In Michigan, a living will is one of three types of advance directives; the other two types are a durable power of attorney and a do-not-resuscitate order. An advanced directive is a document signed by an individual that specifies what type of medical care he wants in the future, or who he wants to make decisions for him if he loses the ability to make his own decisions. The Michigan legislature has not given any legal force to the living will in Michigan, although 47 other states have done so.
Every person has the right to make health care decisions for herself; however, in some circumstances, you may not be able to communicate your desires regarding your health care choices. A living will is limited in scope and deals with specific situations, but using one does give you some say in end-of-life decisions. For example, a living will may deal with discontinuing life support at the end of a prolonged terminal illness. A living will provides you with the ability to communicate your final wishes to the medical staff when you are unable to do so.
Read More: Can I Fill Out My Own Living Will and Have it Be Legal?
Enforceability of a Living Will
Although Michigan healthcare institutions are not bound to follow your wishes specified in a living will, based on a Michigan court decision, there is an argument that living wills are binding in this state, according to the State Bar of Michigan. No one, however, can provide absolute assurance your wishes will be honored. Because there is no state law regarding living wills, there are no formal requirements for drafting one. However, it is advisable to title the document, "Living Will," sign it, and have two witnesses who are not family members sign it. You can also use an online document preparation website to prepare your living will.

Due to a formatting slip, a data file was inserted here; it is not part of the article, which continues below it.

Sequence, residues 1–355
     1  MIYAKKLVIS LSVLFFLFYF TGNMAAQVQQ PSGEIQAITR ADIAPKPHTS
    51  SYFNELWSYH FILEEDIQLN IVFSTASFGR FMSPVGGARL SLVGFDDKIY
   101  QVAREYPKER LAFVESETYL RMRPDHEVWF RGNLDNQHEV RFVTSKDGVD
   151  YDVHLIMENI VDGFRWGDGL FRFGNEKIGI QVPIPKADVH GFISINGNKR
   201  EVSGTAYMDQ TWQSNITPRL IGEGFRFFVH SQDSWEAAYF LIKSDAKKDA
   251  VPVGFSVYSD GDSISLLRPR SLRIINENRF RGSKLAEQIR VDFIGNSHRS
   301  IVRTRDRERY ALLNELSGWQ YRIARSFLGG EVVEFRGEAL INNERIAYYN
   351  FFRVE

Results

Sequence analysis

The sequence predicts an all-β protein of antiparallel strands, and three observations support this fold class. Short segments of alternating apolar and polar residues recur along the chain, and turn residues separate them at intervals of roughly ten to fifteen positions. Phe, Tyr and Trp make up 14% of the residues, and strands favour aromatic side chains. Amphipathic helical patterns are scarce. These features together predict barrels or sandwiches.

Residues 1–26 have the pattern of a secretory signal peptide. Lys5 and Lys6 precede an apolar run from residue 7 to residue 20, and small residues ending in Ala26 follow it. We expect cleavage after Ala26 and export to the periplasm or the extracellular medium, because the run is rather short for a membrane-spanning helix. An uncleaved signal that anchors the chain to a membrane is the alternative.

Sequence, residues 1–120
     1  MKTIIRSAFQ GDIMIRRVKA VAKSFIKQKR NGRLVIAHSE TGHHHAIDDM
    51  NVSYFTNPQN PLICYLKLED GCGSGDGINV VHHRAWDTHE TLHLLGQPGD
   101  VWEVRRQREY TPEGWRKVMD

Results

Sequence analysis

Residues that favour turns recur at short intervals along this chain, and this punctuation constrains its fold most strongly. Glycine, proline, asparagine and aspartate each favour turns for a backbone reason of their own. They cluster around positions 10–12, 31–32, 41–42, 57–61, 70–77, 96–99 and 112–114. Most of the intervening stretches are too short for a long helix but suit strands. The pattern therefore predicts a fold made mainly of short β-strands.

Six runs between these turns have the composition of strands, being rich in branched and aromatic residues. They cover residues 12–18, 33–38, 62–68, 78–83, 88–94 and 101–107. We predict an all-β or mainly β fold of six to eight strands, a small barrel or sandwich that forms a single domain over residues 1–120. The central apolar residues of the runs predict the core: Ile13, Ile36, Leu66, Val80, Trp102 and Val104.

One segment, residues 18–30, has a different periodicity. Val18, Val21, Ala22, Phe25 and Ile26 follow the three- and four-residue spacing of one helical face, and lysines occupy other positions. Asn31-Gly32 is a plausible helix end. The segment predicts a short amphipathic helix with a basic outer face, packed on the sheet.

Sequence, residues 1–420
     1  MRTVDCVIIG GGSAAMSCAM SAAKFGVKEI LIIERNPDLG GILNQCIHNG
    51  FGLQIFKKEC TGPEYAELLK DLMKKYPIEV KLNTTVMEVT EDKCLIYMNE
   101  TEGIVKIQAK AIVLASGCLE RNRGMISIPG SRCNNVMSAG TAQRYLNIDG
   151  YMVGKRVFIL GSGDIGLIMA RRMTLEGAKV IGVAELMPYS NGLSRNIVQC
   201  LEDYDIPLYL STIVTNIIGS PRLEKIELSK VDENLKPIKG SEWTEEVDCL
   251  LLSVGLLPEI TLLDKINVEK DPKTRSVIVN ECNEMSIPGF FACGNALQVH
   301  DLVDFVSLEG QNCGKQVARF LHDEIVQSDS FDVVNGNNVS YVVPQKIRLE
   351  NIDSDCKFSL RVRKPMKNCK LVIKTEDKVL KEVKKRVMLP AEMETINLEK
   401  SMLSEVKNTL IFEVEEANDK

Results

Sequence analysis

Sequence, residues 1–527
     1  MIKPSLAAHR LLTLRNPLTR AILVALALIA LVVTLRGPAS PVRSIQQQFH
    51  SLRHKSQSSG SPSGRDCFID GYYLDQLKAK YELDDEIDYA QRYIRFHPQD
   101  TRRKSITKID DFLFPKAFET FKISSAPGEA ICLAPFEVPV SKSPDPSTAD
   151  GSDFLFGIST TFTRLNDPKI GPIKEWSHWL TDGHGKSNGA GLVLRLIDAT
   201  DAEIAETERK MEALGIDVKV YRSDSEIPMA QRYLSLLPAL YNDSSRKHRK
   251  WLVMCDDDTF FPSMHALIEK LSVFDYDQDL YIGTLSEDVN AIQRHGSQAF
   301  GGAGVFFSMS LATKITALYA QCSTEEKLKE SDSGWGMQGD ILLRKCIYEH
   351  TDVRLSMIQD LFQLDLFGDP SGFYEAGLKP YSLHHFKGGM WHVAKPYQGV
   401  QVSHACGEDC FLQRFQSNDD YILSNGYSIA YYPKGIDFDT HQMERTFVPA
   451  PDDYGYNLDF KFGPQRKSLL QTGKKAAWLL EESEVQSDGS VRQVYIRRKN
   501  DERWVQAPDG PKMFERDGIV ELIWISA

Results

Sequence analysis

Durable Power of Attorney for Health Care
A durable power of attorney for health care, also known as a health care proxy, is a document in which you appoint another individual to make medical treatment and personal care decisions for you. The person you appoint is called a "patient advocate." You can appoint any adult to act as your patient advocate. A living will is different than a durable power of attorney, in that the living will only expresses what you would like to happen -- it does not appoint a patient advocate to make sure it happens. You can authorize your patient advocate to withhold or withdraw food and water administered through tubes. You can also express your wishes concerning other types of care you want during a terminal illness in your health care proxy. A durable power of attorney for health care is binding in Michigan.
A DNR, or do-not-resuscitate, declaration is a specific type of advance directive. You may use this directive if you do not want anyone to attempt to resuscitate you when your breathing and heartbeat stop. Unlike a living will and durable power of attorney, most health care organizations will only use their forms for a DNR order. Before you sign a DNR order, it is best to consult with your doctor and family.
- Northern Lakes Community Mental Health: A Guide to Advance Directives and Guardianship in Michigan
- Michiganlegalaid.org: Living Wills
- State Bar of Michigan: Advance Directives
- Estates and Protected Individuals Code (Excerpt) Act 386 of 1998 Part 5 Durable Power of Attorney and Designation of Patient Advocate
Timothy Mucciante has worked as a lawyer and business consultant, and has been writing professionally since 1981. His writing has appeared in the "Michigan Bar Journal" and many corporate publications. Mucciante holds both a Bachelor of Arts in political science from Michigan State University and a Juris Doctor from Michigan State University/Detroit College of Law.